VIEW THE MOBILE ALPHA VERSION OF THIS SITE

Bonesville: The Authoritative Independent Voice of East Carolina
Daily News & Features from East Carolina, Conference USA and Beyond

Mobile Alpha Roundup Daily Beat Recruiting The Seasons Multimedia Historical Data Pirate Time Machine SportByte™ Weather

Insights and Observations
-----

Read Henry Hinton's feature story on veteran Hollywood actress and ECU alum Beth Grant in Bonesville Magazine.

Henry's Highlights
Thursday, December 2, 2004

By Henry Hinton

New elements pump up search drama

Bonesville Magazine
WHERE TO BUY...


• PAT DYE: Short on Tenure, Long on Impact

• INSIDE PIRATE FOOTBALL
• Recruit Profiles
• Rookie Books
• Tracking the Classes
• Florida Pipeline
• NCHSAA & ECU: Smooth Sailing Again

• HIGH HOPES FOR HOOPS

• STEVE BALLARD: New Leader Takes Charge

• SCOTT COWEN: Busting Down the Door

• KEITH LECLAIR on ECU's Field of Dreams

• BETH GRANT: Actress Still a Pirate
 

©2004 Bonesville.net

Replay Wednesday's Talk of The Town with Henry Hinton: Select clip

When Terry Holland addressed the media on Tuesday, his first formal meeting with the press since the John Thompson firing, he gave an extensive list of credentials he felt would be required for his new football coach.

Based on reports surfacing from several different sources on Wednesday, Holland may have left out the one thing he feels is most important… sex appeal.

When I heard former Clemson and Arkansas coach Danny Ford’s name thrown around as a potential candidate for the vacancy at East Carolina, I admit it… I laughed. In fact, I even dished out some good natured ribbing to WITN-TV’s Billy Weaver, who was the only member of the media courageous enough to actually report it.

Turns out Ford has been very much in the mix.

I will attempt to delineate between those things I know to be true and those learned from other sources.

Here is the one thing we know to be true. Ford has told close friends he was offered the job. In fact, that was reported by several South Carolina print media publishers on Wednesday morning. After that, the details get murky and change, depending on who you talk to.

Several different sources confirmed on Tuesday that ECU had, indeed, wooed Ford recently. In fact, the story is pretty much consistent when talking to various sources that the retired coach thought about it for a bit and turned it down.

One of our sources told us Holland is being pushed by large contributors that are insisting the next coach have a huge national name and that ECU subsequently had upped its original offer to Ford to $800,000 and gave him a deadline of mid-day Wednesday to answer.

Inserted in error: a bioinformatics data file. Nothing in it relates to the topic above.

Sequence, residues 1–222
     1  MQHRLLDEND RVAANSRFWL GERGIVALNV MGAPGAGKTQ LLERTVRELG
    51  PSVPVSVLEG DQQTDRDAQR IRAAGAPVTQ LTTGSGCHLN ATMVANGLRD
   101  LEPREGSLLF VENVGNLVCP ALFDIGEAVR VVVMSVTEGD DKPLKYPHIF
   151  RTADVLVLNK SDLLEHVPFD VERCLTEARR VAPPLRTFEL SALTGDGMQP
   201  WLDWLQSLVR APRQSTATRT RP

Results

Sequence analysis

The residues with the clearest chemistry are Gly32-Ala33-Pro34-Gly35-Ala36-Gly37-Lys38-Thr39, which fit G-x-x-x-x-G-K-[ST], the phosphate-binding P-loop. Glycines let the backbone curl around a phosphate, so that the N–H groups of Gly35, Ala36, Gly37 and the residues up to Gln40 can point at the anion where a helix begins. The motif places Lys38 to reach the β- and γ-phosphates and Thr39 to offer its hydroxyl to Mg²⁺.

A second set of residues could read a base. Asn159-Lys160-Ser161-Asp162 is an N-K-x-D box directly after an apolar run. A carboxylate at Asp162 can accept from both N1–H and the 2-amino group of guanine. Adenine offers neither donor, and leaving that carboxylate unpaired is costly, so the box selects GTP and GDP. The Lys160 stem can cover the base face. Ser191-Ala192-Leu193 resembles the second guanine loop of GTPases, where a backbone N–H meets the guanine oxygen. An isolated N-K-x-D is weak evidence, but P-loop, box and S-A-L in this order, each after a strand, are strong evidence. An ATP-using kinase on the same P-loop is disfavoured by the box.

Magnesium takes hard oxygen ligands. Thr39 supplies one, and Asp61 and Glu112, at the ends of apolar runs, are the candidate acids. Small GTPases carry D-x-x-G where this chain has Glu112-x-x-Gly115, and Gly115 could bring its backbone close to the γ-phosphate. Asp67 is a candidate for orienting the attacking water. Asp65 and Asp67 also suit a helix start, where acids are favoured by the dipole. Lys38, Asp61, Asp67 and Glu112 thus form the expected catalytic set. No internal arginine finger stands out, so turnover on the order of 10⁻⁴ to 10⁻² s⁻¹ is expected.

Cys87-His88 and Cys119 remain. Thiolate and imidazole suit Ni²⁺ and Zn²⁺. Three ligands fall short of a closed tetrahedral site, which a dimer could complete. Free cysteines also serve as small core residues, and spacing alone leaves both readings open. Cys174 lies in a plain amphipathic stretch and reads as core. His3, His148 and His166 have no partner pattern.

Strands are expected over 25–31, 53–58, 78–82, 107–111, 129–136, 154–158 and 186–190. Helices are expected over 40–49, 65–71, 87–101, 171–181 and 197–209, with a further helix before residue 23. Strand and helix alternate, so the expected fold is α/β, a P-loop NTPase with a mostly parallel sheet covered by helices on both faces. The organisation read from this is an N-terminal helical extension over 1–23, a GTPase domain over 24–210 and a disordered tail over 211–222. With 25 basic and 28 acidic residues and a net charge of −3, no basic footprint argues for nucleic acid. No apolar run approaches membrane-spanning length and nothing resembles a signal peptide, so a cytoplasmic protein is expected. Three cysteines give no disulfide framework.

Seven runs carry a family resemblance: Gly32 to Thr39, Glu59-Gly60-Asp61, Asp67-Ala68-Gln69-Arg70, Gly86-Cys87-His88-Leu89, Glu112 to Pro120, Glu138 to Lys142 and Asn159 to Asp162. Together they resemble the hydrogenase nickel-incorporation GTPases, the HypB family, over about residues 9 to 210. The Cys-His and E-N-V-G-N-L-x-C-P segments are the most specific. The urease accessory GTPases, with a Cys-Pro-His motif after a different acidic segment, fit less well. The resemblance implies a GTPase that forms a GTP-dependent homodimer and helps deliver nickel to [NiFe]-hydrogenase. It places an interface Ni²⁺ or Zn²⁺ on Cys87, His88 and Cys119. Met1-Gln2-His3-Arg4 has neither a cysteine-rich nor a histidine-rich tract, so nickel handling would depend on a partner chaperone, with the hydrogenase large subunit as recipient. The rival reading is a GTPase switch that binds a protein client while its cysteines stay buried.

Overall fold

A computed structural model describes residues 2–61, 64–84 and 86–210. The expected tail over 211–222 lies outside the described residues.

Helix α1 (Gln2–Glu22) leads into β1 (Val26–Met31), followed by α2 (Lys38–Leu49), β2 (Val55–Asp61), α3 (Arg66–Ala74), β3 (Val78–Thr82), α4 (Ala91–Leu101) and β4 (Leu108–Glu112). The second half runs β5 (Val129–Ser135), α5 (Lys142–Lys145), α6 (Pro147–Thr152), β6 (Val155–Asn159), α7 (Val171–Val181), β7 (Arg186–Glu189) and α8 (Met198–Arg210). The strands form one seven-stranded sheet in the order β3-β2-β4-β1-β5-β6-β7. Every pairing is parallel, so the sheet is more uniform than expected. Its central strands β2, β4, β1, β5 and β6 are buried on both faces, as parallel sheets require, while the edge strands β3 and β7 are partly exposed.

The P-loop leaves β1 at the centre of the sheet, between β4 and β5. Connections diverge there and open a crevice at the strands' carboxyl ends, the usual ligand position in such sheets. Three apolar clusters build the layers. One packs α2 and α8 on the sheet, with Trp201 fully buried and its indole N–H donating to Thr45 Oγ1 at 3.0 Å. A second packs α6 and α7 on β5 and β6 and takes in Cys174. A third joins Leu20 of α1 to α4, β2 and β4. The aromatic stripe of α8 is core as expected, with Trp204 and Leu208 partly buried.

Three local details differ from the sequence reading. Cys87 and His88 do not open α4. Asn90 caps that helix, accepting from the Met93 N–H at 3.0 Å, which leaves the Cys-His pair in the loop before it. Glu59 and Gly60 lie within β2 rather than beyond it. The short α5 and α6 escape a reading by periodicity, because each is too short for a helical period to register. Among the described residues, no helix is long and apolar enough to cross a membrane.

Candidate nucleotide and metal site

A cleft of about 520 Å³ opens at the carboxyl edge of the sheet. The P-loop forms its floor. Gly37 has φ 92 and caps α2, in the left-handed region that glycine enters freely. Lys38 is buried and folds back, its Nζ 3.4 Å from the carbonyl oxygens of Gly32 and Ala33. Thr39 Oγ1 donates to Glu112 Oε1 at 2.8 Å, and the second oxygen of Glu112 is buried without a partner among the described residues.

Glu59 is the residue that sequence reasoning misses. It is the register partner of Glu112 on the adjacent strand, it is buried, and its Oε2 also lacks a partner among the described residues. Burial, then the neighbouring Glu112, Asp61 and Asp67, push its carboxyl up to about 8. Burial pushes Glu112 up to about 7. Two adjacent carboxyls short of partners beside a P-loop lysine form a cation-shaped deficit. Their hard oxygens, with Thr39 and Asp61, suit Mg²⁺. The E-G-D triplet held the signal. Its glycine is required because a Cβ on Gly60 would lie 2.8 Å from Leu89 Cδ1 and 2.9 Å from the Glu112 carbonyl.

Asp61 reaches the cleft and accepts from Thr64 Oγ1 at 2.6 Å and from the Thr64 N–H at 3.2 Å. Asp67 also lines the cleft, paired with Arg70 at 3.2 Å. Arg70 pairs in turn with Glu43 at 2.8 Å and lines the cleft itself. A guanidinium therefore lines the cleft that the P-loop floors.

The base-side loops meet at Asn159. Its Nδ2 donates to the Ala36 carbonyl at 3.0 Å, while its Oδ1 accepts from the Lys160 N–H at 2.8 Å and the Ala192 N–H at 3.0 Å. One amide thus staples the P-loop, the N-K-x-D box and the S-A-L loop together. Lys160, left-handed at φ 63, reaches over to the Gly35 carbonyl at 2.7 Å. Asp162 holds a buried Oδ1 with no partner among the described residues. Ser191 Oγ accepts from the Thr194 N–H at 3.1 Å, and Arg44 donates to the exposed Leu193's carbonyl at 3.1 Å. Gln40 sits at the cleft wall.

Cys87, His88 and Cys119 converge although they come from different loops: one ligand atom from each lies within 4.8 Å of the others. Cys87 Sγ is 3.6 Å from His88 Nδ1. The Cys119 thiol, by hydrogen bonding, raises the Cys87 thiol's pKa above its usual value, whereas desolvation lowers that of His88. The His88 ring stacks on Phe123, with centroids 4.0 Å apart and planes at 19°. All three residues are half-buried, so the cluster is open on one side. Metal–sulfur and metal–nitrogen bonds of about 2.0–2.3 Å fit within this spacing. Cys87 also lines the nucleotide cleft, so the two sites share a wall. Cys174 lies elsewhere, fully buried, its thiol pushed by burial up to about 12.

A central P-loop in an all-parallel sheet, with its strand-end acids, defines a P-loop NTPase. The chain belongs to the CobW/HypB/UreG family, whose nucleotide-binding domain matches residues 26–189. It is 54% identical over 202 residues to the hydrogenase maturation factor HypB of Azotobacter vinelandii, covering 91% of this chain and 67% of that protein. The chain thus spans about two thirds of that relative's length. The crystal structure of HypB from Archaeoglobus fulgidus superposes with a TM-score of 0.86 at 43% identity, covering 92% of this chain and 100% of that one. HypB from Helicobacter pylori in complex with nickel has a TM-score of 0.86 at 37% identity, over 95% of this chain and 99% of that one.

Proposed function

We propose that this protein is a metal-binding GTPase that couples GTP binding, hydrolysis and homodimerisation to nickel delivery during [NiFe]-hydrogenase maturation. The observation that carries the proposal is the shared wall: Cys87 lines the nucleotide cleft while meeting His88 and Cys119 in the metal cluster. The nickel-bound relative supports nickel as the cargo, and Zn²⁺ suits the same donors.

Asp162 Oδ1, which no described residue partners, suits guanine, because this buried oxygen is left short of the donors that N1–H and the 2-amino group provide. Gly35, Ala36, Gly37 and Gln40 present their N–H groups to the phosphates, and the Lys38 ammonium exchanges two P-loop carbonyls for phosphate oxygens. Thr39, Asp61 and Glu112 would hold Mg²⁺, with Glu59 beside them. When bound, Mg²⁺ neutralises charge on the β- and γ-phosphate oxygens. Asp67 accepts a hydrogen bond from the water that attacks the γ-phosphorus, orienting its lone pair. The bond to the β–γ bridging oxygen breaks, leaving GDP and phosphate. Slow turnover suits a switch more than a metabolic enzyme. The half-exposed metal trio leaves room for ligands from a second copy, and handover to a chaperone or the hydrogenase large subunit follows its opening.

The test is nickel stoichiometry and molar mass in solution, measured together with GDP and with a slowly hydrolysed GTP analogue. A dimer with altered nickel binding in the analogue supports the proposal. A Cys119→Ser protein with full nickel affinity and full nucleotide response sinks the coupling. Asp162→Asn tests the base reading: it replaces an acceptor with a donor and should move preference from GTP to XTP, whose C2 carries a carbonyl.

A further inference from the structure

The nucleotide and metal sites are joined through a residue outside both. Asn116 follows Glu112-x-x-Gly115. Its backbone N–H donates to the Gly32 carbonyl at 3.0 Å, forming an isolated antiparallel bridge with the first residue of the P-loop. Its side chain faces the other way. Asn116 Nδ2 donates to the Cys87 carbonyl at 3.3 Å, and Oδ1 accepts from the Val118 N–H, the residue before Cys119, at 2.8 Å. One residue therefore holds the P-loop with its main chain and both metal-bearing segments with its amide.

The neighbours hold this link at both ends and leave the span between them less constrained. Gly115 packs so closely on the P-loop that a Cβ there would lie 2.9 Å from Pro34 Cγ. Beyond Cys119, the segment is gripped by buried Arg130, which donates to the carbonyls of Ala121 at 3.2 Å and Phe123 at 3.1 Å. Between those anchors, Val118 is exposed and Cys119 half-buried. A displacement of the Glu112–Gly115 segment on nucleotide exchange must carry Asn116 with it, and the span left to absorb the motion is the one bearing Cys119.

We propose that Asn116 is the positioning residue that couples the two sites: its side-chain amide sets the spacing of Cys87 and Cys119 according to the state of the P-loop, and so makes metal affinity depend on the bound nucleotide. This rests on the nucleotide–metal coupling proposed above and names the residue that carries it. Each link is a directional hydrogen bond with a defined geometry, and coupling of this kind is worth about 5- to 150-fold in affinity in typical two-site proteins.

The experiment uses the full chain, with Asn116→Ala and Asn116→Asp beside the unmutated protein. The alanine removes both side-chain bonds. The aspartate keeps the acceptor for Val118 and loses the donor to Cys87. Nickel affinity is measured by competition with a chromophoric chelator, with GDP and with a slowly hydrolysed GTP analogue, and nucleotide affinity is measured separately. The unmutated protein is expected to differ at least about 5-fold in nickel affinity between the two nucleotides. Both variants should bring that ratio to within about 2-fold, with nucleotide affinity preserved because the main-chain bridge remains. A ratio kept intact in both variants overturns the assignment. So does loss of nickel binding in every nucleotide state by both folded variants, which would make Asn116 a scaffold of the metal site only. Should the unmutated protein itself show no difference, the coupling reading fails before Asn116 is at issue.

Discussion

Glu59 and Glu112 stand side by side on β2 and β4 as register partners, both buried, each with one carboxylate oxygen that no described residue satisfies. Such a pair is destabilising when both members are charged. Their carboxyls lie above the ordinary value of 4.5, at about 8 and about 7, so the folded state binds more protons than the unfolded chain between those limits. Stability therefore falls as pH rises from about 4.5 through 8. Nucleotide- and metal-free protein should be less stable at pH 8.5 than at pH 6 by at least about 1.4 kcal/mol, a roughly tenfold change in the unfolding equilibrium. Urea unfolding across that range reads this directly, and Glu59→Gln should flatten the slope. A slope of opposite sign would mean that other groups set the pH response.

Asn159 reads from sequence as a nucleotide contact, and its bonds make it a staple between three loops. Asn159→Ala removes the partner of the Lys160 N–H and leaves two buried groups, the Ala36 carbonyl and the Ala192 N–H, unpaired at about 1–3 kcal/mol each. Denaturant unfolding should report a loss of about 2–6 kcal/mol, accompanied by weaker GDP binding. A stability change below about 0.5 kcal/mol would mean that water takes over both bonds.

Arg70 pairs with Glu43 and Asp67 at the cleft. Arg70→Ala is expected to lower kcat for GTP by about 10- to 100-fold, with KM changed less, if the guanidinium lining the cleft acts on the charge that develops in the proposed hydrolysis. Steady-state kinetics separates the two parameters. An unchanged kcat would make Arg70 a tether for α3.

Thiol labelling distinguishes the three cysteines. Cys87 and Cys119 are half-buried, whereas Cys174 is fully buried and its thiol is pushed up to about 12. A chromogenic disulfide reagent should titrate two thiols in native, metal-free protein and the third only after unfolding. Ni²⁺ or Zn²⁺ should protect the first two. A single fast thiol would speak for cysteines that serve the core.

Ford reportedly had talked extensively with friends and family about the offer. In fact, the scuttlebutt in the coaching industry was that he had begun to talk to former co-workers about the possibility of joining him in Greenville as part of his staff.

At mid-afternoon on Wednesday, it appears something changed dramatically when Ford could not be reached. We are even told that he hung up on a couple of media types who had his phone number in the afternoon hours.

Some in the coaching ranks are speculating that Ford either rejected the second offer or ECU officials made him aware they were moving on.

Speaking of moving on, here is another thing that is a fact: Former Connecticut head coach and South Carolina offensive coordinator Skip Holtz was in Greenville on Tuesday to meet with Holland, associate AD Nick Floyd and a group of players selected by Holland. Holtz also talked with a few other individuals from inside and outside the department hand picked by Holland.

Holtz very much would like the job and has started working on a potential staff that appears to be very impressive. Steve Spurrier has retained only three members of Lou Holtz’s staff at USC, leaving his son a healthy group from which to recruit, including former longtime ECU assistant Steve Shankweiler and former Cincinnati head coach Rick Minter. Regarding Minter, it is believed his first choice would be to have another shot at a head job.

Knowledgeable observers are of the opinion that Holtz would also have access to other strong potential assistant coaches in both the college and NFL ranks. His potential ability to put together a top flight staff has apparently impressed those who have met with him.